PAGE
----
Private sector vital to quality, economic power of early learning

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James L. Leonhart
Tuesday, April 24, 2012

A recent study by the Wisconsin Policy Research Institute confirms the critical role of early learning in economic development. But the study also concluded that economic and other benefits accrue only when children receive quality care. YoungStar, the state’s five-star child care quality and improvement system, was implemented last year to ensure that quality.

Unfortunately, two-thirds of Wisconsin children whose parents receive child care subsidies, or more than 20,000 kids, are in two-star providers. Our challenge is to move as many of them as possible to higher-ranked centers. With so much riding on how we answer that challenge, we are working as a partner in YoungStar and with others to deliver results for our children and the state’s economy.

The study recommends increasing the involvement of Wisconsin’s business community in our early care and education system. This echoes guidance from the Governor’s Early Childhood Advisory Council in its last report. Increasing private-sector engagement also is a longstanding priority of the Celebrate Children Foundation.

There’s a need for additional resources that can’t be met by the public sector alone. What’s more, there are great examples from other states of how early learning systems and educational outcomes have flourished through private-sector leadership.

In the early 1990s, leaders in North Carolina knew they had a problem. Children were coming to school unprepared. These leaders concluded that the same “innovative spirit” that drove private-sector success was needed to tackle problems in the state’s child care centers.

Smart Start, a public-private partnership, was formed in 1993. Today, there are private organizations in all 100 North Carolina counties and other local partners working under the North Carolina Partnership for Children, the umbrella for Smart Start.

They work to improve the quality of care and to provide parents with tools to help them raise their kids. And they do it with the support of the state’s private sector. Since 1994, $382 million of private funding has complemented public expenditures.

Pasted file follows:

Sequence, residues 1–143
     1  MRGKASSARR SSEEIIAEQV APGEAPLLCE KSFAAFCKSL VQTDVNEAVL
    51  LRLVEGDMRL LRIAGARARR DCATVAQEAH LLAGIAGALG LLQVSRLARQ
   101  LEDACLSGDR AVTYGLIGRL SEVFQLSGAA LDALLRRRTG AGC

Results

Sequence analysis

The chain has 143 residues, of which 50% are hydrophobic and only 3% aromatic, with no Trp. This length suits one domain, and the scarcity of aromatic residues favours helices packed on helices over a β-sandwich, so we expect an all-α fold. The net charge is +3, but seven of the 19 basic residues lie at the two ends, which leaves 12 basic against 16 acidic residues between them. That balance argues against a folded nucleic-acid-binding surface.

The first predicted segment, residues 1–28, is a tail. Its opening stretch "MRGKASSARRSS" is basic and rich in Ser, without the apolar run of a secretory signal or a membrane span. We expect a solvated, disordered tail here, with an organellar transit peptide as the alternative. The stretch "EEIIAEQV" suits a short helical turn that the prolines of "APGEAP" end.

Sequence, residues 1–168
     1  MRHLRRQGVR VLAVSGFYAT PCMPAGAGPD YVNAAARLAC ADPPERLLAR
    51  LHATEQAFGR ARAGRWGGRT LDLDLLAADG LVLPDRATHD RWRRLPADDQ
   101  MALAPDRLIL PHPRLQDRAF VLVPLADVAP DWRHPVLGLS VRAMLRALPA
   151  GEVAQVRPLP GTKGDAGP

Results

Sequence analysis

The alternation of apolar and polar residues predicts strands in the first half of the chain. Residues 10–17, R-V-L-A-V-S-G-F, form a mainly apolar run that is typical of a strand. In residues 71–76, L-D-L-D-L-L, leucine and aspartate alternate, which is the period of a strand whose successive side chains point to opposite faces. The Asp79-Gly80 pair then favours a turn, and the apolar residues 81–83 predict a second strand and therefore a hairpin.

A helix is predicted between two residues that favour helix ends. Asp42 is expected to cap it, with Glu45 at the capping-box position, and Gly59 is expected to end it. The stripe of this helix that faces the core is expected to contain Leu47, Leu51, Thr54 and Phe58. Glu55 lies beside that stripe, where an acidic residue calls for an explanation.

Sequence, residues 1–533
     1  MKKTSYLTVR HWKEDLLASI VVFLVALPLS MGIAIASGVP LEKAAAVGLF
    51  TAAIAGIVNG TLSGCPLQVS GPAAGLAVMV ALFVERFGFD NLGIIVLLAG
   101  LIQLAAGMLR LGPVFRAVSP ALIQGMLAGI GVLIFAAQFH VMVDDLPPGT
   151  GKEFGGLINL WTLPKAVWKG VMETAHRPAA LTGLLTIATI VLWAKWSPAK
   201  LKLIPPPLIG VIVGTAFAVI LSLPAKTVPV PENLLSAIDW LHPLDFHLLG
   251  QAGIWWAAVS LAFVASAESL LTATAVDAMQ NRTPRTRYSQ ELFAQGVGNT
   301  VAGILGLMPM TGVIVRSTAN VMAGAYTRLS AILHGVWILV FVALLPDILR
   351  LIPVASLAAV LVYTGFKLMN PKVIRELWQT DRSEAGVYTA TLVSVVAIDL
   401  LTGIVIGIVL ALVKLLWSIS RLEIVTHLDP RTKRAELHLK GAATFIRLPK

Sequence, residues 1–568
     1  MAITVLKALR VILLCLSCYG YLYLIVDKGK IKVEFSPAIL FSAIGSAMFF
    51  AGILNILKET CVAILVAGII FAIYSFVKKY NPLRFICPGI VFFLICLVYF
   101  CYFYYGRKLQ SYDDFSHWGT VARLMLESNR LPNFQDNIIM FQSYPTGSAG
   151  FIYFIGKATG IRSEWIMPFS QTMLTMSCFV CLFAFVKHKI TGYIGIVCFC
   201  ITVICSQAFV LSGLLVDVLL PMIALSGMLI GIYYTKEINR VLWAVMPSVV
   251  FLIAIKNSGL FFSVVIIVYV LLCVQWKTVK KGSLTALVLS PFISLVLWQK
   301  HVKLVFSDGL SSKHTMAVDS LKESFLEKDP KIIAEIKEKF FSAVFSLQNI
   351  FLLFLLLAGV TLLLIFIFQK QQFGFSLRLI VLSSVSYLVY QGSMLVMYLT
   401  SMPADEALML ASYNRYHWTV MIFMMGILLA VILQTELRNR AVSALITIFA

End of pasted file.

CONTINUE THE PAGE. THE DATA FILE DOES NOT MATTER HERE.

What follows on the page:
Smart Start’s success is remarkable. A study conducted in 2010 at Duke University examined the affect of early-childhood programs in North Carolina on educational outcomes. It showed higher overall scores for third-graders on standardized math and reading tests, and a 10 percent reduction in special-education placements by grade 3.

It is no surprise that the percentage of North Carolina children who attend high-quality child care (four or five stars) nearly doubled from 2001 to 2009, while the percentage of low-income children who attend high-quality care grew from 30 percent to 74 percent.

The benefits of high-quality early care and education are clear. A path to higher quality care that doesn’t overburden the state by engaging the private sector is well charted in other states. We will continue to seek state business participation in a system that desperately needs its help and will benefit from its improvement.

James L. Leonhart is executive vice president of the Celebrate Children Foundation, based in Madison. Contact him at james.leonhart@celebrate-children.org or (608) 266-6953.

Last updated: 8:05 pm Thursday, December 13, 2012

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